It is a proof of concept. I have bigger plans for the methods and means behind this video. How cheaply can one make a video blog and post it?
The cameras used in the mr. sketch-it mask are the CVS one-time-use camcorders manufactured by Pure Digital. They retail for $30. I used the "mouth" camera to record the progress of the mr. sketch-it mask construction.
For the actual performance I used a Sony DCV TRV10 MiniDV video camera. All three cheap cameras were being used in the mask. My fourth camera is out on loan for a special, as yet to be announced WikiTainment project. Any other video blog could simply employ the use of the CVS cam.
There's been a lot of talk lately about video blogging and what the average person can produce on only $25 a day. There's also that light-net/dark-net thing. I'm just a thrifty guy who likes open source software, thinks the creative commons is a great idea and is trying to spread the word about WikiTainment, where the audience is the author.
What costs should be considered when tallying up the total?
- computer = Dell average Desktop $500
- OS = Windows XP $200
- camera = Sony miniDV $300
- OHCI IEEE 1394 card = $50
- capture/editing/compositing software = Adobe Premiere Pro $200
- web site/video hosting = Based on $15/mo = $180
- computer = Dell auction last year's model $300
- OS = $0
- hacked camera = CVS one-time-use camcorder $30
- hacked USB camera connector = Old USB mouse and Palm III m100 sync cradle = $8
- capture/editing/compositing software = Saturn Ops, Virtual Dub, Blender = $0 + QuickTime Pro = $30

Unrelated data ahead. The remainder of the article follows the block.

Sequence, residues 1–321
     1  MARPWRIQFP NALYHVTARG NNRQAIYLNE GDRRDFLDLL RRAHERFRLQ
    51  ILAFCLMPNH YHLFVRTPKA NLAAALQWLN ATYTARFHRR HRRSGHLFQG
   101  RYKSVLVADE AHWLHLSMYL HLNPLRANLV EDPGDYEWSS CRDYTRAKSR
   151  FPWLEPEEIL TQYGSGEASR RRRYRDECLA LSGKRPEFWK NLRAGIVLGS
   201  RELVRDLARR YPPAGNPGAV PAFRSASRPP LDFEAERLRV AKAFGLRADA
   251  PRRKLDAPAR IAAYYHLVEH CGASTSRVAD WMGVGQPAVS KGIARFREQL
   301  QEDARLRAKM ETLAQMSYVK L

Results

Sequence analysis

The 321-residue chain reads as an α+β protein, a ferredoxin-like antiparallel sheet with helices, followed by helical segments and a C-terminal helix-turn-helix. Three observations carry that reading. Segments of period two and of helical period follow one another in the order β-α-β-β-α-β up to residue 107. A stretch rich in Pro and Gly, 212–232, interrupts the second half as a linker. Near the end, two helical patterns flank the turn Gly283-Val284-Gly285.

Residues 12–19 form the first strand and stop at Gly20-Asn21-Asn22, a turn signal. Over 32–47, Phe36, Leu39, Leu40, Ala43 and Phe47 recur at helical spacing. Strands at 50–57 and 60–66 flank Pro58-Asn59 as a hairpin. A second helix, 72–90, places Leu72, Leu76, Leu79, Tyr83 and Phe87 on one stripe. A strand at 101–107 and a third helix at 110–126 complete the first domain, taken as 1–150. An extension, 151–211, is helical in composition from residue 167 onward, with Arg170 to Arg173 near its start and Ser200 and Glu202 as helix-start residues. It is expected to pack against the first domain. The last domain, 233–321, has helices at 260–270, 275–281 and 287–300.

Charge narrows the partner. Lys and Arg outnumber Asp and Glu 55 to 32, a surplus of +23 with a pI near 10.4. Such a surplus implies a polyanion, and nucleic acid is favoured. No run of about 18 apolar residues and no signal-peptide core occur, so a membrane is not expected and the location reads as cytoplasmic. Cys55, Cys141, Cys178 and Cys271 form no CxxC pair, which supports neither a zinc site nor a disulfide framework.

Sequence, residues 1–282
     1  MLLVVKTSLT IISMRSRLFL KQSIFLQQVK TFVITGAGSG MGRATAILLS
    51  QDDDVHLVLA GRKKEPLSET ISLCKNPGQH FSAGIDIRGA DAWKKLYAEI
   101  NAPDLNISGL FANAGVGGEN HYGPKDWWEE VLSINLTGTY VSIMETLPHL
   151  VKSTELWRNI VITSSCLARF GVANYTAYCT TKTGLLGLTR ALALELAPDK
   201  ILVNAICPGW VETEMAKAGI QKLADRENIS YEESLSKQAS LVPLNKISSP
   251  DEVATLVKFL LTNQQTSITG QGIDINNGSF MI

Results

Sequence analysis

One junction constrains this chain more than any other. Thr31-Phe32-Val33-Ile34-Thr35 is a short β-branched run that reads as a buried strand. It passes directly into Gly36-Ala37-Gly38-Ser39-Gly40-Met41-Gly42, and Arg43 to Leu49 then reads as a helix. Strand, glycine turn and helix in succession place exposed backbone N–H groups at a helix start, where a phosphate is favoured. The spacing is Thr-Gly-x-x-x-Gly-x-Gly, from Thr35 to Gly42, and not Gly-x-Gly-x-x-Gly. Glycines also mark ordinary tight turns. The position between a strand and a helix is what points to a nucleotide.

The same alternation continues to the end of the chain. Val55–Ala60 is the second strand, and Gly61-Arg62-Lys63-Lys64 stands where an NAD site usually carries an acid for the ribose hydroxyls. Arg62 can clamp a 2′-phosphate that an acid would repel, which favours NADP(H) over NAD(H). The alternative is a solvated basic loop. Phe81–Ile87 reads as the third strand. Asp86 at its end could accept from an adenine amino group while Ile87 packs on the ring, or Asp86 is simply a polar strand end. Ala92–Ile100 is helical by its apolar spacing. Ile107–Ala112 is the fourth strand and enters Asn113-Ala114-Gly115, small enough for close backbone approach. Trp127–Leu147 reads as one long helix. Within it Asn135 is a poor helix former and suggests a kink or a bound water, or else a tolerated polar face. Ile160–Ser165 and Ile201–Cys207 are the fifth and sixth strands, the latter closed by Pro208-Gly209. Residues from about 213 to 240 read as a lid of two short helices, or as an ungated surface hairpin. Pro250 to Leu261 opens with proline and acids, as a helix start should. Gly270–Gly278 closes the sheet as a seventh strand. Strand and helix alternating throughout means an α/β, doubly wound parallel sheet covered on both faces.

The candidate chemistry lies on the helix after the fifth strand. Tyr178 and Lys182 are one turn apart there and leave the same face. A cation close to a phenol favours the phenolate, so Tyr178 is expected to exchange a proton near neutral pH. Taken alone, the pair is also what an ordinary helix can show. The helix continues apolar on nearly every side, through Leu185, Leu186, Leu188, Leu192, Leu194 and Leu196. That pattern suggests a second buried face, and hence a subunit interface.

- web site/video hosting = blogspot = $0 + vimeo = $0
Figuring that one might be a frequent video blogger, they might post two vlogs a week for a total of 104 entries.
Cost per entry:
$13.75 = Average Solution
$ 3.58 = my solution
This is for the PC side of things. Tell me what you think it is for the Mac side.
The cost could go down even further for my solution if one were to use an open source codec like XviD. People would have to download another media player like mplayer or VLC. That would knock off the $30 Quick Time Pro price. Then you're down to just the price of the hardware of the camera, download solution and computer.
This is important to get the tools of media creation in as many hands as possible.
I had to compress and re-compress the video a couple of times but that was partly due to my first attempt at this method. The CVS cam can be modified to record 640x480. The compression levels can also be set to improve the quality of the video. The native codec of the camera is XviD. The audio codec is some obscure thing that nobody has heard of but once downloaded, works like a charm.
Using the VirtualDub/Blender capture/edit/composite solution with the native codec, one could be a regular video blogger for the rock bottom price of:
$ 3.25 / entry